3.23.2014

Wine column no. 45: Sleight of hand — and cheese — can salvage disappointing cheese

March 2, 2014: People tell me it happens all the time. They buy a wine based on published, glowing reviews and yet, when they serve it at the dinner table, it’s just not what they expected.
Maybe that bottle of chardonnay is too acidic. Maybe you’ve just opened a cabernet sauvignon that’s too tannic. Either way, while the wine isn’t yet corked, it still doesn’t pass the smell test.
Here are some ways to rescue a bottle with a poor flavor profile from the clutches of the sink. Think distractions. There are many.
Cheese is a delicious conduit toward making a wine tolerable. Hard cheeses like cheddar and Parmesan are good pairings with tannic wines. For acidic wines, try something creamy, like Brie. Salty blue cheese pairs well with sweet ports, too.
In all of these cases, it’s about the art of disguise. You are trying to shift attention away from the poor-quality wine itself. Wine is a subjective experience and, in every case, it’s best to do your own research. Yet keep this sales secret in mind: Sometimes something unctuous helps to change the subject and can even sell more wines.
If the wine is distasteful yet still must be served, consider lowering its temperature. Wine served at cool temperatures won’t give off as strong of a nose. Cold temperatures can be an effective tactic in muting offending flavors that expose inconsistencies or fundamental problems within the glass. Besides, very cold, bad wine can temporarily stun your senses, especially if you expected more from the bottle.
Here’s a wine that aims high: The 2010 Cuvée Le Bec is a blend of syrah (44 percent), Grenache (34 percent), mourvedre (13 percent) and counoise (nine percent) grapes, the likes of which hail from Santa Ynez Valley, Calif. It is Beckmen Vineyards’ interpretation of a specific style of red Côtes-du-Rhône.
The Rhône Valley is north of Provence, a province in southeastern France. The four California-grown grape varietals in the Le Bec fit the profile of a southern Rhône-style wine, with one major difference: terroir. There is no one English word to describe terroir. In French, it can refer to soil, climate or orientation to the sun and elevation, all of which ultimately impact the flavors of the wine that end up in your glass.
While the grapes themselves can easily be transported to, and grown in, various other parts of the world, terroir is particular to the regions where the wine is produced. It’s a function of what exists yet isn’t always seen, acknowledged or heard.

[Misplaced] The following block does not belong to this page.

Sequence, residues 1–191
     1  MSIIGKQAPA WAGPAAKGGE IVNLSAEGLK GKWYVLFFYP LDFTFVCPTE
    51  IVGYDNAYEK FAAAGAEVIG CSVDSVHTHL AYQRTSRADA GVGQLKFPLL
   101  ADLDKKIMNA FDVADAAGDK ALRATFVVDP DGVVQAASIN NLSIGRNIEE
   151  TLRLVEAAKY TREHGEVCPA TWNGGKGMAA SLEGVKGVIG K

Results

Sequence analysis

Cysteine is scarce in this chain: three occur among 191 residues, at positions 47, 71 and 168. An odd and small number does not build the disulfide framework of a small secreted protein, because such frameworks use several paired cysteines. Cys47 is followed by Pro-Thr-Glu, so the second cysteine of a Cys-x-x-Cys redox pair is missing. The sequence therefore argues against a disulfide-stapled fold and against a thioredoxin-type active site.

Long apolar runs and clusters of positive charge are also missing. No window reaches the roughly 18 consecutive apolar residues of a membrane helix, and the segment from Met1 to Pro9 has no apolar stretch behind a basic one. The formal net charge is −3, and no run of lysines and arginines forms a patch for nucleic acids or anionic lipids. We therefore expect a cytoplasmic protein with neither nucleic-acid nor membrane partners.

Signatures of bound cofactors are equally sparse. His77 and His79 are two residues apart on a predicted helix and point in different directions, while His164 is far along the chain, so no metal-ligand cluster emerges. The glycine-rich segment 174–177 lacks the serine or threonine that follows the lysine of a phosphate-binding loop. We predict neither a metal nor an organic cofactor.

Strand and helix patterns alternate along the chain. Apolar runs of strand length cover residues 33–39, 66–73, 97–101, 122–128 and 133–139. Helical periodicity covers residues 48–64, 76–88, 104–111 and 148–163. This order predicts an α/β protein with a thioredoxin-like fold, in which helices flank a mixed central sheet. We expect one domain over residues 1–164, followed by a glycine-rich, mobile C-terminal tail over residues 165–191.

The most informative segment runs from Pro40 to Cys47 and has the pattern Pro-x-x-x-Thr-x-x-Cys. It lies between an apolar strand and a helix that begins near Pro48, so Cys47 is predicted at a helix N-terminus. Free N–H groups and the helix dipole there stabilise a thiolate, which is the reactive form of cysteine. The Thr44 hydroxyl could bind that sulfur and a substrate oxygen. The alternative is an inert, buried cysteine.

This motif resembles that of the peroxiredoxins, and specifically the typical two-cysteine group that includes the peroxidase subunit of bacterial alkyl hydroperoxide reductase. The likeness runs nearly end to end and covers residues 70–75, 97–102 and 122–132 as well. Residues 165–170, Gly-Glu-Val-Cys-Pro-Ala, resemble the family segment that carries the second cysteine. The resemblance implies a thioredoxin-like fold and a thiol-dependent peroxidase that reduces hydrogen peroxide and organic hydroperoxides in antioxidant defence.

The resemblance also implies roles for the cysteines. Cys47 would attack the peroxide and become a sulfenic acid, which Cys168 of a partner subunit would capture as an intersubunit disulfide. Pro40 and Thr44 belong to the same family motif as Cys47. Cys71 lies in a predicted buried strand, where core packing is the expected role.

The best southern-Rhône-style reds, in my opinion, are robust yet nuanced. They are often layered with distinctive red fruits, tannins and black pepper, and they remain some of my favorite wines largely because of their complexity.
Grown from grapes in the Santa Ynez Valley, Beckmen Vineyards’ Cuvée Le Bec has a different approach. At 14 percent alcohol, this red wine lacks depth, yet still manages a smooth finish. In some viticultural circles, it’s possible to negotiate an intricate balance between the two. Others demand one over the other.
Beckmen Vineyards is a Central Coast winery founded by Tom Beckmen and his son, Steve, in 1994. Tom Beckmen, a self-described “music man,” was a traveling salesman who pioneered the merger of music and computer applications. When he sold Roland Corp. U.S., a leading manufacturer and distributor of electronic music instruments, it was to develop the winery as a hands-on farmer.
Tom grew up gathering onions and picking tomatoes from the soil outside Chicago, where he spent his childhood working on a ranch.
With his father, Steve applied that work ethic and winemaking style to “maintaining character and diversity. During any given vintage, Steve individually ferments as many as 100 small lots of fruit, often employing techniques such as native yeast fermentation or whole cluster pressing to highlight the personality of a given clone or block. Described by Steve as both “hands-off” and “hands-on,” this approach has resulted in an acclaimed portfolio of wines that consistently bridge the divide between power and elegance.”
Power and elegance are good, strong words. So are character and diversity. I wish Beckmen Vineyards all the best in achieving its goals.
This wine is sold at The Winetree on Weinbach Avenue for $18.99.

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